EG: Well, no I don't have a sister. I would say the closest was my aunt Ruth, and she died several years ago, but she made all kinds of things. She made clothes and curtains, and I really wasn't around her much. But actually I just walked into a craft store one day and picked up a book about quilting and it really appealed to me and that is how I got started. I was given a quilt book for Christmas and I made a Rail Fence. I've never had any lessons or anything and I enjoyed that a lot. So as I've had the time I have quilted, but I don't have a [chuckles.] whole lot of time to do it.

KJ: Well, that was going to be my next question. How many hours a week do you think you spend?

EG: Well, not much. The project that I showed you here I started two months ago. It's a teacher gift and I worked on it pretty furiously until I got it done. But I only got the quilting done about two weeks ago and I still have to bind it. So what happens is I have a flurry of activity for about a month and then I have to put it away because I've got other things I have to do. And then I get it out and as I told you I've got a quilt that's about nine years old that, in fact, Vivian Parker helped me sew the binding and the backing and the cover together and I am [laughs.] still trying to quilt it. I get things out, you know, if it's cold and it is wintertime, I get my quilt out and it keeps me warm and I quilt it.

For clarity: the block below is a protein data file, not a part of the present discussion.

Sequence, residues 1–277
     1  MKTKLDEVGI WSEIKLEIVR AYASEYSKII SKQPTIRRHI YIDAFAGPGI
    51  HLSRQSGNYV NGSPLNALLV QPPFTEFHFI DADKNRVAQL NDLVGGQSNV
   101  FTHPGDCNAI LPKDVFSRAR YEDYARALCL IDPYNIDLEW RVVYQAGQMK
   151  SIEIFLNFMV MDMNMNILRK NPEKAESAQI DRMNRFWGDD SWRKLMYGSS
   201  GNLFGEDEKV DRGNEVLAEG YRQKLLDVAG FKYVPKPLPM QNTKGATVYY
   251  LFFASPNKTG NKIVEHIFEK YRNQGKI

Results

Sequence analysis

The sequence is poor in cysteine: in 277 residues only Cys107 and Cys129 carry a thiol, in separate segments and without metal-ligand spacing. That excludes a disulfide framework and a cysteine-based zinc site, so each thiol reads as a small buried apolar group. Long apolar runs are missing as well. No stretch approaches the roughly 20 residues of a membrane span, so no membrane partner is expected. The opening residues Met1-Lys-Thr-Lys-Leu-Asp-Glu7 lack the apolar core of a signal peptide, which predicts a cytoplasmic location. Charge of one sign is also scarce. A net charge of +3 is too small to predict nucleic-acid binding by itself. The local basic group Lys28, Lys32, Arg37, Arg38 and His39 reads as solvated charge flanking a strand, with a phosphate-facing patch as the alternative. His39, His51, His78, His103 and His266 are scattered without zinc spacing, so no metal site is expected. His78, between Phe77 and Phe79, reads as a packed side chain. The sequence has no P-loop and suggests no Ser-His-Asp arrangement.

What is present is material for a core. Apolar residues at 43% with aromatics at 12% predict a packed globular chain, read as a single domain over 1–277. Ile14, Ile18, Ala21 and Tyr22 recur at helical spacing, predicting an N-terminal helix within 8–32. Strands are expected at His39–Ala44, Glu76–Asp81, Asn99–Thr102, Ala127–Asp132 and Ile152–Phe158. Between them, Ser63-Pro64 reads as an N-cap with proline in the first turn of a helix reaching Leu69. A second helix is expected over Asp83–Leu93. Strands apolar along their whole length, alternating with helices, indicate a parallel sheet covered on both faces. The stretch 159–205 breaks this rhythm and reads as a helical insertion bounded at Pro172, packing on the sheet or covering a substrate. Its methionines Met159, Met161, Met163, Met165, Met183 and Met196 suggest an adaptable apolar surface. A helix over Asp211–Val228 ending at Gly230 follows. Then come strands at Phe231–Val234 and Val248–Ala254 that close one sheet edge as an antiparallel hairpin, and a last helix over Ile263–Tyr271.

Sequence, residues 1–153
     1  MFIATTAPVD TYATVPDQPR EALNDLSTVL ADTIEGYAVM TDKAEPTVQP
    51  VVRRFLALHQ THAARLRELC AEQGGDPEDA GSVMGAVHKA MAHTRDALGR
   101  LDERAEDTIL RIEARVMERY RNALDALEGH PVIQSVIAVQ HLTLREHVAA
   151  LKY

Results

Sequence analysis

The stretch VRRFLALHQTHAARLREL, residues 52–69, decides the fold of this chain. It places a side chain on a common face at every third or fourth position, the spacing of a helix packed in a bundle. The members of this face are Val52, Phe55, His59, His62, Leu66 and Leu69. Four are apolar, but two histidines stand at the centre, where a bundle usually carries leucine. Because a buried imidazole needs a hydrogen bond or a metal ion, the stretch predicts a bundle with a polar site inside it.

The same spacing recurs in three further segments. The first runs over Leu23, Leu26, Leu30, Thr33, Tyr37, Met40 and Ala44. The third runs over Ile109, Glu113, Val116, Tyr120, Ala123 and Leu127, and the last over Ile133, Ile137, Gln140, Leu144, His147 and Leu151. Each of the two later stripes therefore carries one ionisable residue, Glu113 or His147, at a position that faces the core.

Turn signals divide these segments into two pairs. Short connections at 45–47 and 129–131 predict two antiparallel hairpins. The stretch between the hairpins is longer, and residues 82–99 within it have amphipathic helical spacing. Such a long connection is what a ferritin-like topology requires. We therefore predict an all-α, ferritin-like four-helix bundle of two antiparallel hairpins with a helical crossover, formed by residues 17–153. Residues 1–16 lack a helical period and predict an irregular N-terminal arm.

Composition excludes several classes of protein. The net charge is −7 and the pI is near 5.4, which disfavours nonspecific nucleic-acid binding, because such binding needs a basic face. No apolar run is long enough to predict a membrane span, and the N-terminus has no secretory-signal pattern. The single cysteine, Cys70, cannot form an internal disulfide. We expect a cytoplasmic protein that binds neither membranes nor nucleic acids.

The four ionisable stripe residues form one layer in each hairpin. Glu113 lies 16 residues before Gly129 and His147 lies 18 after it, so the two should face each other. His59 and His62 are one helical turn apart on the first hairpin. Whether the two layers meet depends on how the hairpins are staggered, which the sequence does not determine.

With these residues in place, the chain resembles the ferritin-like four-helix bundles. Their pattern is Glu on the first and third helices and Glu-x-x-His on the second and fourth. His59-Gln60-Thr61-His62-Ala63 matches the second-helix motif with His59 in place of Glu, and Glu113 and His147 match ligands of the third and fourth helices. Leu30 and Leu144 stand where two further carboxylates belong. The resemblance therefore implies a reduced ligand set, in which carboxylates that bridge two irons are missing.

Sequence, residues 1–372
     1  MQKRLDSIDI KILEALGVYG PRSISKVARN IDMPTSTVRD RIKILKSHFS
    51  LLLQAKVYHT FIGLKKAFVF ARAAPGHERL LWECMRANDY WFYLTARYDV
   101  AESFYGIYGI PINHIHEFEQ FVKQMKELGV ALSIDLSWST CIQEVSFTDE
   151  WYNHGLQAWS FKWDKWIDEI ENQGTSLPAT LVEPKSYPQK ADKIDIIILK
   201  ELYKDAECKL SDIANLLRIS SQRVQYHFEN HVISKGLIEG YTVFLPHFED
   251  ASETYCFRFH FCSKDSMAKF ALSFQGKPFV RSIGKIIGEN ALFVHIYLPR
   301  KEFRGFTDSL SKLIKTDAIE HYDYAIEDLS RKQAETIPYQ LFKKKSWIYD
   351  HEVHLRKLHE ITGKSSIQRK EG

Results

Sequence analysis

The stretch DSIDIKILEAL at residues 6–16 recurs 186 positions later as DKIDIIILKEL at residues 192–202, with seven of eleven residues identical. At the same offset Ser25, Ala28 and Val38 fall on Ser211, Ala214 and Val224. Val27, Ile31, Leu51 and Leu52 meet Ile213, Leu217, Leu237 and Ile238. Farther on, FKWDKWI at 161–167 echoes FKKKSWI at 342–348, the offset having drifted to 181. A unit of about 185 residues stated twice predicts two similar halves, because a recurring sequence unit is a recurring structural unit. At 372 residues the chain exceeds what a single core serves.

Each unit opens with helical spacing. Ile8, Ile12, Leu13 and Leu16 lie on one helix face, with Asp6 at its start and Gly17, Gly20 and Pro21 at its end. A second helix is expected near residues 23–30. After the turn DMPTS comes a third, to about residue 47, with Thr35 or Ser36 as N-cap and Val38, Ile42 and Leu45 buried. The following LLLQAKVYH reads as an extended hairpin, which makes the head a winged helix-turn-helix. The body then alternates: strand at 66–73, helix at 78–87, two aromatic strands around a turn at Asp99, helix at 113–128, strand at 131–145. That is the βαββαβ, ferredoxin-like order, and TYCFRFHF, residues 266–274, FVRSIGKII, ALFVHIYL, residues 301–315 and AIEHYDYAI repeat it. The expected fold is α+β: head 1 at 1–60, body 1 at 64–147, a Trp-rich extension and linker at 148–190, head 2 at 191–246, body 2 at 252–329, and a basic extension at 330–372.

KJ: So it would be hard to say?